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This is the point at which you would flip ‘normal’ pancakes, however with these, the underside wasn’t even solid.

I waited until it was, but even then, the centre was doughy and moist. In the end I baked them in the oven for a time. They were edible, but still not the fluffy pancake that I was hoping for.

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As I say, next time, I’m going to try a few things differently. What I am absolutely going keep about this recipe, however, is the floral flavour combination.

Oh my goodness, the rose water and the poppy seeds are absolutely glorious together – sweet and aromatic, perfumed and light. These pancakes taste like the height of summer, and when eaten with sticky bramble jam, they’re so evocative of balmy days foraging in the hedgerows Down South.

So, watch this space – I am definitely going to experiment some more with this!

Do you have any other use for Aquafaba? I’ve already used it in chocolate mousse and meringues  but I’m keen to find other ways to make use of it! As ever, contact me here or on Twitter. 🙂

Slivers of soap

Bar soap is often one of the first things people do when transitioning to a lower-waste lifestyle. Swapping out plastic hand-pumps can save you money – a bar of soap generally lasting longer than a bottle – and as many are available in paper, this simple action can save space in the recycling bin too.

That said, there is a significant downside…

You end up with loads of little slivers of soap that are too slippery and small to properly handle. These often end up as a source of frustration and – in our house, certainly – are prone to ending up in the bin, even though they’re still technically capable of doing thier job.

The other night, though, @TinyAcorns posted a photo of a clever little cloth bag which holds all your scraps of soap together and makes then usable again.

As I already had my knitting stuff out from making the dish cloths, I thought I would have a go at replicating this.

Again, as with the dish cloths, I used a vintage cotton from my late mother-in-law’s stash, but if I were to be purchasing something specifically for this project, I might choose something a little… rougher? I feel like there is great potential for the cotton to get slimy over time, whereas something like linen, or even the rougher, heavier jute might just soften. I may experiment in future to see, but for now… cotton it is. Any natural fibre will do, though wool might shrink. synthetics will last longer, but they also shed micro-plastics so that’s a drawback.

Anyway, this is what I came up with. You might want to adjust this pattern to make it wider (add more stitches, in multiples of 3), or longer (do more rows). I think, though, that for cotton, 15cm is definitely long enough – the cloth seems to stretch quite a bit in the water.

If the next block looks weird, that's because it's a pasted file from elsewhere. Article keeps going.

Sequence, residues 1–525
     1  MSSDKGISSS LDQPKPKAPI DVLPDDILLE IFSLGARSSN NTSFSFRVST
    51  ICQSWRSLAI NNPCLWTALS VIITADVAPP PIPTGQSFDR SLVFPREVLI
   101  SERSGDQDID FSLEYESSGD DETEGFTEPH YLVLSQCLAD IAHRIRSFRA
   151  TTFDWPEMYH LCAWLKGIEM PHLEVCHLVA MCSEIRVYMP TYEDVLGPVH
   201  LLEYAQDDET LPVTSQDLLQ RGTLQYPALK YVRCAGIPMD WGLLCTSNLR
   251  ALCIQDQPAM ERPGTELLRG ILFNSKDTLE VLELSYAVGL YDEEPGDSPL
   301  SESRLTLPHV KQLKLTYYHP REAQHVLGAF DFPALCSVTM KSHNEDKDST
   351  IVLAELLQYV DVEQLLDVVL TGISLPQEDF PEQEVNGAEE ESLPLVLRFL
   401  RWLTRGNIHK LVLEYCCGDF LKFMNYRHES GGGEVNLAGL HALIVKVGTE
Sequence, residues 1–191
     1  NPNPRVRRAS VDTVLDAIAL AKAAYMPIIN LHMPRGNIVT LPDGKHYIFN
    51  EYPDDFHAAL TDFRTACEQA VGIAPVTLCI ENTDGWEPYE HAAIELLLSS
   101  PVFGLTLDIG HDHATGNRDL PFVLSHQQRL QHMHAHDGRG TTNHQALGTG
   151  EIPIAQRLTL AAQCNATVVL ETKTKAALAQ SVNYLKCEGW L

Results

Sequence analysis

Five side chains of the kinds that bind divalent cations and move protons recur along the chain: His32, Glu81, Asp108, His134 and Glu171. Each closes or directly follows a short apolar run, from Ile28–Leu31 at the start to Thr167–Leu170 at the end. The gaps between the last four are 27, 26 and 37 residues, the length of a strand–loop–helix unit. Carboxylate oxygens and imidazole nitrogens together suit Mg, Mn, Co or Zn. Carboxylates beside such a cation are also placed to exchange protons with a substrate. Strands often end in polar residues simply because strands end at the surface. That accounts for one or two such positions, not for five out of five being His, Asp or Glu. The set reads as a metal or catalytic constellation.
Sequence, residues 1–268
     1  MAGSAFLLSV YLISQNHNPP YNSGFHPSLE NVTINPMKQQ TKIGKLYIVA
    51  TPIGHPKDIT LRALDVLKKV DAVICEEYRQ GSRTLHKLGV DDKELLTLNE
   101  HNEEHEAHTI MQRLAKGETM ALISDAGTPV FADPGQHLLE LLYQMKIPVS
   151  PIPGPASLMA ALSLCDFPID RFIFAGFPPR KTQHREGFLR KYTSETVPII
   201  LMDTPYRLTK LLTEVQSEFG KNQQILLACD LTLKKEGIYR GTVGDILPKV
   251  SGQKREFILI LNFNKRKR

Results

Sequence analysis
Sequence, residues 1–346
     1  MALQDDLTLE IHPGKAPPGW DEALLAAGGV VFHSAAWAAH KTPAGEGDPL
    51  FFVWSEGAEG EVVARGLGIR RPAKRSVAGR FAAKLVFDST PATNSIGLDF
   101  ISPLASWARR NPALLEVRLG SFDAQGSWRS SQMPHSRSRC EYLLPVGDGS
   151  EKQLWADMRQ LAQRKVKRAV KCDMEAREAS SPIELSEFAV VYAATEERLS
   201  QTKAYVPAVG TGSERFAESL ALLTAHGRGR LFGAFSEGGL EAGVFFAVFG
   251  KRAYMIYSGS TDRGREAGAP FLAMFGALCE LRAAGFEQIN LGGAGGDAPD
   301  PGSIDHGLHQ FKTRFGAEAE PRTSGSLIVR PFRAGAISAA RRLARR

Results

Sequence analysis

Cast on 30 st with 4mm needles.
Rows 1 & 2 – knit.
Row 3 – (k1, yo, k2tog) all the way along
Row 4 – (k1, yo, k2tog) all the way along
Repeat these four rows until your fabric measures around 15cm. End on row 2 and cast off.

Sew up the bottom and the side to make a little bag, then either pass some string or a long crocheted chain through a row of holey bits to make a draw string

And that’s it, really.

Pros: This is a super quick, easy project that you can finish in an hour or so. It uses scrap quantities of yarn, so you don’t need to buy anything specific for it. It definitely keeps all the little slithery bits of soap together.

Cons: This particular yarn bleeds colour… which is less good if you’re washing hands. It stretches quite a bit when wet. I’m not sure how cleaning it is going to work, and what it’s going to look like over time.

You can’t really see it in the picture above, but when you squeeze the bag as if to let some of the water out, you get more bubbles. Which isn’t bad, exactly, it just means that you need to scrub, then squeeze, then rinse in that exact order, or get more blue on you than is strictly necessary.

So, would I make this again? Absolutely – like I said, it’s quick and fun and does what I want it to. Have I worked out all the potential faults yet ? Nope. Not by a long way. And that’s ok. We’re all learning what works and what doesn’t. If this doesn’t pan out in the long term, I can always have another go at making a Frankenstein’s Monster soap from the grated remains of all the other soaps. It didn’t end well last time, but that’s not to say it won’t on another occassion…

I’ve posted this project on Ravelry, in case anyone is interested. It’s just a project page with the pattern in my comments. I would love to see yours if you have a go, though. As ever, you can get in touch here, or on Twitter.

Peter Piper plants a pot of peas in paper…